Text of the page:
Spring Is In The Air: Put the spark back in your relationship

couples-spark

Spring Is In The Air: Put the spark back in your relationship.

April seems like a good time to talk about renewal—especially when it comes to re-lighting the spark in a romantic relationship. Does your relationship feel stuck or does it seem to have “lost that loving feeling?” When I ask many couples about the last time they went out on a date, the response is often either silence or “I can’t even remember.”

There is a notion that romantic relationships are supposed to feel a certain way at all times. We see movies and commercials putting shiny, smiling people on display, sharing perfect moments. Their affection for one another seems to arise out of nothing. We chalk it up to ideas like “fate”, “destiny” or “a soul seeing its reflection in another.” There are certainly couples who maintain both a passion and ease in their day to day life with each other, but my experience has shown that most couples—especially those who have children—often struggle with finding the time to stoke the fires of love.

One of the fundamental pitfalls of any relationship is to expect that your partner will do things the way you do them. The saying, “opposites attract” seemed so charming early in the relationship. Two people found a groove. With all the kissing, and hugging and beach vacations with pre-children disposable income, the forgiveness for differences was abundant. Companionship and acceptance felt wonderful. We enter marriages, often after other relationship experiences, and we acknowledge with vows that we will go through good times and bad. We know there will be conflict, but we figure we can worry about that later on, and we enter honeymoons with little thought of how to weather the difficult times.

How do you resolve conflict? You communicate. How do you communicate? With words, yes, but what is way more important, is the tone and body language that goes with the words. There is a huge paradox in couples work. Couples learn to use words effectively. Good outcomes, though, seem to also depend on rebuilding trust and actually using fewer words with one another. Couples follow through on agreements regarding the sharing of tasks. They give more hugs and get back to the early days of more eye contact while sharing meals and planning vacations. They forgive one another for being a different human being raised with different standards regarding what defines a clean kitchen or bathroom.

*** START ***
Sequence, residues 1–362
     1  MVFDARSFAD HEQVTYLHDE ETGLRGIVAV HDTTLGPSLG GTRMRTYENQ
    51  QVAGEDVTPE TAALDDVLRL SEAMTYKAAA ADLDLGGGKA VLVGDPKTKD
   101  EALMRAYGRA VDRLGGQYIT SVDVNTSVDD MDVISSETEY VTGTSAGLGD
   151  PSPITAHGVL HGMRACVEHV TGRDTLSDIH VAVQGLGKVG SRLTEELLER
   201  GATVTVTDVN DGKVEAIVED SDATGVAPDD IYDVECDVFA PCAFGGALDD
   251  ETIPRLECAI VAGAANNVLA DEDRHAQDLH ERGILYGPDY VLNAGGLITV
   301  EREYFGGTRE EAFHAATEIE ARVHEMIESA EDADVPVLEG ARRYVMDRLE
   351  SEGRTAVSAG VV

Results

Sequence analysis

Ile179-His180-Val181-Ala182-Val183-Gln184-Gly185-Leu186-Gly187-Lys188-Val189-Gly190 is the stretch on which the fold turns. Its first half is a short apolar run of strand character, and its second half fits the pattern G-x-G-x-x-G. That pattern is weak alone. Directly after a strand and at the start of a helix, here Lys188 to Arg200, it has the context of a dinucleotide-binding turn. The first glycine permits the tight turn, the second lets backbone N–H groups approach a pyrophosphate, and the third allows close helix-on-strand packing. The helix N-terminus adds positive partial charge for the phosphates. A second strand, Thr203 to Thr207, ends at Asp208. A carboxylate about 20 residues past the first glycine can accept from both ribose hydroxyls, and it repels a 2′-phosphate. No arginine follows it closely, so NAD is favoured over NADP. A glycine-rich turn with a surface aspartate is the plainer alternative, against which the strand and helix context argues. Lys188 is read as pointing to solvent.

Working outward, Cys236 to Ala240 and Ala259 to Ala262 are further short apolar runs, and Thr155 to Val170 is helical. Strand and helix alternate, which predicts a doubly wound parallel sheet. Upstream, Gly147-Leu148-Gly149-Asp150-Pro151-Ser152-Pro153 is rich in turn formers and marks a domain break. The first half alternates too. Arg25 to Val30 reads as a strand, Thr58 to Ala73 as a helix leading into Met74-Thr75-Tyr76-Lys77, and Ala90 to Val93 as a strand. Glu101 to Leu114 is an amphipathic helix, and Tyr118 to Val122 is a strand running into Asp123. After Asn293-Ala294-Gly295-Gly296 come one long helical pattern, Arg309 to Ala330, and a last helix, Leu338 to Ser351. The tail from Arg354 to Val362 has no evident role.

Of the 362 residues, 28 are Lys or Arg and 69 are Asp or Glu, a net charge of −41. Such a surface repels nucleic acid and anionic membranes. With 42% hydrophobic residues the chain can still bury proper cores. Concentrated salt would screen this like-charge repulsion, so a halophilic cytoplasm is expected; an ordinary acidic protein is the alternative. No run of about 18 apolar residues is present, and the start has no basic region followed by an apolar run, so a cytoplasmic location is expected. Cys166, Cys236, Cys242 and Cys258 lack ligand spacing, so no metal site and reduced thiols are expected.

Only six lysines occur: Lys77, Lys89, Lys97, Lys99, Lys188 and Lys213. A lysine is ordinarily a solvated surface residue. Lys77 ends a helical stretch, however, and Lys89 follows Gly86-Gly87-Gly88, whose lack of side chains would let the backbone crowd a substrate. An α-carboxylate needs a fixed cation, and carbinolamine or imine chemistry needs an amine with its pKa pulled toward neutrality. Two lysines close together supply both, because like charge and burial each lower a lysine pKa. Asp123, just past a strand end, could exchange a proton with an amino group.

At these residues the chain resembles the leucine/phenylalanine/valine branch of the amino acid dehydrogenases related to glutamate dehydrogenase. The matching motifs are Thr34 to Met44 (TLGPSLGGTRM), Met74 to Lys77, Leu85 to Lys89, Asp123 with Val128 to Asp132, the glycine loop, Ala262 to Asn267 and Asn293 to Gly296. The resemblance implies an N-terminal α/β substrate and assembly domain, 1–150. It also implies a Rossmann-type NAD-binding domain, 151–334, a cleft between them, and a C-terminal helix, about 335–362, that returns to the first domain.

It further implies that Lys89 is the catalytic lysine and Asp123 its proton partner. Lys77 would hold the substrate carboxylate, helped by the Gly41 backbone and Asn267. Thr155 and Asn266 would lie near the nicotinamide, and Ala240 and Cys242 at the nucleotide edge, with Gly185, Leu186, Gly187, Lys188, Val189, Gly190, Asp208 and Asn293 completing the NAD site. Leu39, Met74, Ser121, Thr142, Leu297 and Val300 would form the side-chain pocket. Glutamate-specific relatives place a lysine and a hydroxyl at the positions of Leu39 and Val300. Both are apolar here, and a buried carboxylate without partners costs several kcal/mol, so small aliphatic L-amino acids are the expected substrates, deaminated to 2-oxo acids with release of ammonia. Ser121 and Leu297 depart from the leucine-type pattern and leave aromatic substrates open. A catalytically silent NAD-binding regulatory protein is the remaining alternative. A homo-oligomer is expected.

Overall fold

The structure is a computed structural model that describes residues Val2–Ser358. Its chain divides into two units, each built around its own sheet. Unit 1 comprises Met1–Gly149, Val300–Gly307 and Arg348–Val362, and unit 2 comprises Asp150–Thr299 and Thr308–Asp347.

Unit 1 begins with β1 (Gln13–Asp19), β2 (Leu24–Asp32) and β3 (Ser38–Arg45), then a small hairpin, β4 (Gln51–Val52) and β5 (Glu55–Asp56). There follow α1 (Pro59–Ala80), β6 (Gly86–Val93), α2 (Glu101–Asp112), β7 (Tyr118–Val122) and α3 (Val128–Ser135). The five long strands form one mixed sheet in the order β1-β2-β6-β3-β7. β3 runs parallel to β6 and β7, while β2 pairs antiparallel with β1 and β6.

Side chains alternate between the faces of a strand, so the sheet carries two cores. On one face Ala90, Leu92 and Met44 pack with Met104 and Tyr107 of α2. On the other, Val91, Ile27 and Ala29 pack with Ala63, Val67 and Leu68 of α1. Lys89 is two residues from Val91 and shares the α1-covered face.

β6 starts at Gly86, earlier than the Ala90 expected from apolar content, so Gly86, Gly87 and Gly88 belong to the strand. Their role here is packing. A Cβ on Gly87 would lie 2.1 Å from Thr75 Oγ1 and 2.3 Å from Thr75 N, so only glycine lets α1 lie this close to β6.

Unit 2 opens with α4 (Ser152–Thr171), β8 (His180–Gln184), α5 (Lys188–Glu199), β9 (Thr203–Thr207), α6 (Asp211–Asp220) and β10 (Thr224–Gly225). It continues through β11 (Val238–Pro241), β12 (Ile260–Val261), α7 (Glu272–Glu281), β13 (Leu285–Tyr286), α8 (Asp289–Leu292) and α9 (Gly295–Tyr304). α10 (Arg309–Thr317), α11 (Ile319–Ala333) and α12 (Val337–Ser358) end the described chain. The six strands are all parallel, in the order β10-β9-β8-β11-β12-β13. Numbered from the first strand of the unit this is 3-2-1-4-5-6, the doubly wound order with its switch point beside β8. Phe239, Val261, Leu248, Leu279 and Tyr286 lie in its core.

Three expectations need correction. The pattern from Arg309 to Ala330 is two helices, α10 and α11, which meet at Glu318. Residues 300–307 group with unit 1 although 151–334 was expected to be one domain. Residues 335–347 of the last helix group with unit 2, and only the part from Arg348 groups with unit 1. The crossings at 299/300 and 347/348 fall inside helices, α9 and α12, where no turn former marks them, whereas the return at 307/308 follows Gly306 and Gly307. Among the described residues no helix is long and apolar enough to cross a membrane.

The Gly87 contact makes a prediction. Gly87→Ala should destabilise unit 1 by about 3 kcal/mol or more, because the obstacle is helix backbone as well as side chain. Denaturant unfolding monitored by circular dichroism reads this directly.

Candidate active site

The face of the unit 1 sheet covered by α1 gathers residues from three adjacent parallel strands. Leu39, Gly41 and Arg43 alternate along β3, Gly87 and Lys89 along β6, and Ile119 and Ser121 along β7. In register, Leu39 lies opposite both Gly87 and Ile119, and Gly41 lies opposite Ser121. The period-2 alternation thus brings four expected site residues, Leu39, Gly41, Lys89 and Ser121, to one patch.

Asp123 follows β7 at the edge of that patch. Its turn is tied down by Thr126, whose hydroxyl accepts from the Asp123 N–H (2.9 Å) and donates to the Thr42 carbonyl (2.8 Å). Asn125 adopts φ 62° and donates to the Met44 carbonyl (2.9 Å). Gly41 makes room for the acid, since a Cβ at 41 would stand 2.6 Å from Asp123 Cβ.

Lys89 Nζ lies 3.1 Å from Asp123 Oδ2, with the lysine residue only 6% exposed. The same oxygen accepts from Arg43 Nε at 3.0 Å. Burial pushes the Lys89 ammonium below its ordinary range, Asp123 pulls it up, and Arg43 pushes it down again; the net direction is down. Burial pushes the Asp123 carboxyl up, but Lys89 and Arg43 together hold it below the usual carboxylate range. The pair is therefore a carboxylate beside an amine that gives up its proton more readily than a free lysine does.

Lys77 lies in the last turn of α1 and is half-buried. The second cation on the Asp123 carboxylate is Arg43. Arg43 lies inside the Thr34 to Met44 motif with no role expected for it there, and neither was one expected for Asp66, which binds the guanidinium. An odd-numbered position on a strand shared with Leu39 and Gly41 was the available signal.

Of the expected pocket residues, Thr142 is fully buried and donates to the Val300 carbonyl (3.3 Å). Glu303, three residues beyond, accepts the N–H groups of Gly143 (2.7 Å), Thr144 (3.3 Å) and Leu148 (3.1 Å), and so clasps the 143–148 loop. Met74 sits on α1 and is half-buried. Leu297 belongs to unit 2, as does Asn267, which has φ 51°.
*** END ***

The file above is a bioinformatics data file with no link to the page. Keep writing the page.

How do you begin this work of rebuilding trust? Begin dating again.

If you have family in the area that can give you free childcare, that is great resource and great place to start. If you don’t, and childcare is a financial burden, figure out how to get back to a dating scenario once the kids are tucked in bed. Start by putting down Facebook for a week and cook some meals together. Make popcorn and watch a movie, take the time to hold hands, play a board game, or play cards. Do anything to break the pattern of relationship neglect that is too often blamed on work schedules, driving kids to practice, paying bills and trying to keep the house clean.

Any relationship can have its challenges, but maintaining a long-term intimate relationship takes the cake. We have to remember that what gets us into these relationships is often a desire to make life easier. Companionship, affection, and the desire to care for, and accept care from someone seem to be the primary needs of any relationship. The big question couples have to ask themselves, is whether or not life will be easier with this person or without this person… It is not an easy thing to confront.

Before you come to a conclusion about your relationship with a significant other, be willing to create some dating opportunities to reopen each others’ hearts to new ways of being in the relationship. Create new agreements, talk about how you’ve changed as individuals—especially after/during raising children, or changing jobs. How could you NOT have changed? You both may be willing to give one another a break, and perhaps create some forgiveness around situations that seemed taboo to discuss when these situations were more fresh. And as always, become willing to hang out with a counselor to unpack some difficult topics. There is help to get a new perspective. You never know, Mr. or Mrs. Right might be the person you’ve been sleeping next to for years!

Pete Afflerbach, MA LCMHC is a licensed mental health counselor. Pete works with all ages and has particular specialties in working with teens and those struggling with addiction. Pete is enthusiastic about helping people break down the challenges they face into smaller, more manageable pieces.


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